Hey Bob, welcome to the Sunshine Brigade!
Pacers quietly get into perfect spot
February 29, 2004
This is where the Pacers want to be, how the Pacers want to be. Standing atop the Eastern Conference, cruising along quietly and efficiently toward the top seed and home-court advantage, beating almost everybody and scaring absolutely nobody.
A year ago, they were loud and gaudy, the New Bad Boys, making a dramatic run to the front, then staging an equally spectacular fall from grace.
This time, there's no noise. No tumult. No Ron Artest craziness. (Mea culpa, Ron, mea culpa.) In fact, the loudest Pacer has been the man who was supposed to be the iciest -- their coach, Rick Carlisle.
This time, they are flying under the radar.
Which is the best place they can be.
They are not only well on their way to meeting their team goal for victories -- Carlisle won't share that number -- but they appear better suited to winning in a playoff setting.
"At this point, I'm pleased for the players," Carlisle said before Saturday night's perfunctory 81-74 victory over the Allen Iverson-less Philadelphia 76ers. "There weren't many people who thought we could be in this position at this moment, with the trade of (Brad) Miller, (Ron) Mercer, the upheaval that happened. They've done some great things to get to this position.
"On the other hand, we know if we don't win in the playoffs, the season is a bust. So I think our optimism and good feeling is hedged by the reality our season is about playoff success."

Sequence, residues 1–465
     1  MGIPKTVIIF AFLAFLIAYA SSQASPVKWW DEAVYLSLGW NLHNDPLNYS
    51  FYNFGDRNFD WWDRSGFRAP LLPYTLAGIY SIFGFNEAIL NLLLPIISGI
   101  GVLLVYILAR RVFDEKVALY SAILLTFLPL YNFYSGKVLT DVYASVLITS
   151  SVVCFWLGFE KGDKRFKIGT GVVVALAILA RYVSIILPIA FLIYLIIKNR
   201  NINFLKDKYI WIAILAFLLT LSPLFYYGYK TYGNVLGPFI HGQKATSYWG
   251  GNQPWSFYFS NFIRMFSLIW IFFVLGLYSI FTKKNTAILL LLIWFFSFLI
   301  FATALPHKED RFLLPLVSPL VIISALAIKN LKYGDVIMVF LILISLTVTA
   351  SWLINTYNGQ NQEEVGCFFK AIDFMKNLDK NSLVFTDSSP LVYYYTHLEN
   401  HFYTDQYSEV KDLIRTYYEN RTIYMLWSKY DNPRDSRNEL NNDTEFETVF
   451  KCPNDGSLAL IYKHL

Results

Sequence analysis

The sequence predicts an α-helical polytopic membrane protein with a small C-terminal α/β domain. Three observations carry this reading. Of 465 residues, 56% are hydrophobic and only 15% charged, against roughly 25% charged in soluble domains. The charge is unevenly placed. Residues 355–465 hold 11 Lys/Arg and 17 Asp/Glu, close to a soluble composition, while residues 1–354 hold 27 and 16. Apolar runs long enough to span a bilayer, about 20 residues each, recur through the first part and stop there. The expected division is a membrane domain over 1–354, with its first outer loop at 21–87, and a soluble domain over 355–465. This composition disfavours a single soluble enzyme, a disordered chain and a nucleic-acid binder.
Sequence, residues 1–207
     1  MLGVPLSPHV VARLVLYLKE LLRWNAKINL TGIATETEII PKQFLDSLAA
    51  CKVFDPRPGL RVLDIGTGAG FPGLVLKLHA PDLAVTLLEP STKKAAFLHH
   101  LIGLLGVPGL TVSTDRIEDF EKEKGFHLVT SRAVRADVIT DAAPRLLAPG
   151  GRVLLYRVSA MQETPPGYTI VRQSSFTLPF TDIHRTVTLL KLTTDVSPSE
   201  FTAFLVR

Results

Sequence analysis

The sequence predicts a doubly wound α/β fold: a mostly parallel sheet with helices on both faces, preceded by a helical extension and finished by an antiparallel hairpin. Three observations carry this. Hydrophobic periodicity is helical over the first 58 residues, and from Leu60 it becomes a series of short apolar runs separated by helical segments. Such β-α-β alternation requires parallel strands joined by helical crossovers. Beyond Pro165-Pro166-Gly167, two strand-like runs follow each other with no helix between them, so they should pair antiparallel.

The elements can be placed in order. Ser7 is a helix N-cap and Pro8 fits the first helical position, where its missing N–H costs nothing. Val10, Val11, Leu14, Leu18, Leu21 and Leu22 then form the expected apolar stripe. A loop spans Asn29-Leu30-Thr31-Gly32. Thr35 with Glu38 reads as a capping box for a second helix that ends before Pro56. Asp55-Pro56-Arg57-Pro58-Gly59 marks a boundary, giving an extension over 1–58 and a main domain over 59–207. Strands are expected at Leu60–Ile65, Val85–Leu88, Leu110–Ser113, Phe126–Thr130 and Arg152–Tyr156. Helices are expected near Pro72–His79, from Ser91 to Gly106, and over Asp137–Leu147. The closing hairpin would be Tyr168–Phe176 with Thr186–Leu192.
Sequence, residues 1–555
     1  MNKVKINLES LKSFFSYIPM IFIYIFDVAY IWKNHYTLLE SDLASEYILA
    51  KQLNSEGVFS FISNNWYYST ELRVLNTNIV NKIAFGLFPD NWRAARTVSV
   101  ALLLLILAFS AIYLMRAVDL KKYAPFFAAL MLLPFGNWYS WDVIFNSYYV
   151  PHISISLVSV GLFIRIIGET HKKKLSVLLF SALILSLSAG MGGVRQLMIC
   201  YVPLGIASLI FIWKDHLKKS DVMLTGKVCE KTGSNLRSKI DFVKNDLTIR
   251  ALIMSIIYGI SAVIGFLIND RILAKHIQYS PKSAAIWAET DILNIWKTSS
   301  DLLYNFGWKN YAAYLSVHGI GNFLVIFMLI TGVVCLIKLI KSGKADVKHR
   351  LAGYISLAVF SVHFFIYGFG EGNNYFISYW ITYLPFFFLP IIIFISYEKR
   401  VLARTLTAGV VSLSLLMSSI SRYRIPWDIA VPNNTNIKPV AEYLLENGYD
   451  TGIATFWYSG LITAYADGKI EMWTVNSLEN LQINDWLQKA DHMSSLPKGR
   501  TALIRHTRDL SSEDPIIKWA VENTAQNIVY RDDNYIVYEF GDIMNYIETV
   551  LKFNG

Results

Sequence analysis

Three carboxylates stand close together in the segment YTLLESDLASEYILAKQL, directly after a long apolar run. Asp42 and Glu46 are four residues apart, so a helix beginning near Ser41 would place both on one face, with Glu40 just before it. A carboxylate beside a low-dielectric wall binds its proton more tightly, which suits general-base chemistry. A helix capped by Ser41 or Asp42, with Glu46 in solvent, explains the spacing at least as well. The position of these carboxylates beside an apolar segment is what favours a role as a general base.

Which is true, very true, especially after the flameouts the past two seasons.
But at some point, you take time to acknowledge and appreciate a remarkable two-thirds of a season.
Honestly, outside of Indiana, how many people know that the Pacers are tied with Minnesota for the league lead in victories (43), one win better than Sacramento after Saturday's game? How many know they have a better record than San Antonio, Dallas and the Lakers?
Sometimes, I forget. Sometimes, I look at the NBA standings, see the Pacers at the top, pulling away from Detroit and New Jersey and everybody else, and I have to do a double-take.
Wait. The Pacers are on their way to a 55-plus-win season and have a chance to put together the franchise's greatest regular season ever? Really? When did this happen and why didn't I get the memo?
They don't have a dominant center.
They don't have a big-name point guard.
They don't have a Big Ticket or Big Fundamental or Big Anything, although I'm sure we could come up with something for Primoz Brezec.
But on nights like Saturday, they get Al Harrington's best performance as a starter since the Artest injury. They get a strong game from the bench, notably Fred Jones.
Forty-three and sixteen.
It tells you what a remarkable job Carlisle and his staff have done this season. It tells you what an amazing season Jermaine O'Neal and Artest have had. It tells you a lot of good things about this group, which has grown up a lot this season.
Still, all these victories, and they don't scare anybody.
Even in the East, all the talk has centered on New Jersey's spiritual renewal and Detroit's acquisition of Rasheed Wallace.
Maybe it's the three first-round exits in a row.
Maybe it's the sense that even if they come out of the East, they'll get spanked in the Finals (although, if the Lakers aren't there, it's not a sure thing anymore).
Maybe it's the way the New Orleans Hornets, the most physical team in the East, have throttled the Pacers twice in recent weeks.
There were a lot of these same doubts about another local team whose playoff history wasn't particularly inspiring.
Crazy as it sounds, Artest's thumb injury may ultimately prove to be the best thing that could have happened to this team.
For one, Artest will return with fresher legs than ever.
But almost as important, this gives Jonathan Bender his best, and maybe his last, chance to show the Pacers he can not only stay healthy, but he can produce when it matters. He didn't get that opportunity Saturday night, missing the game to attend a funeral. But his time will come these next few weeks, giving management an opportunity to discern whether Bender's future is here or elsewhere.
Forty-three and sixteen.
They still don't scare anybody.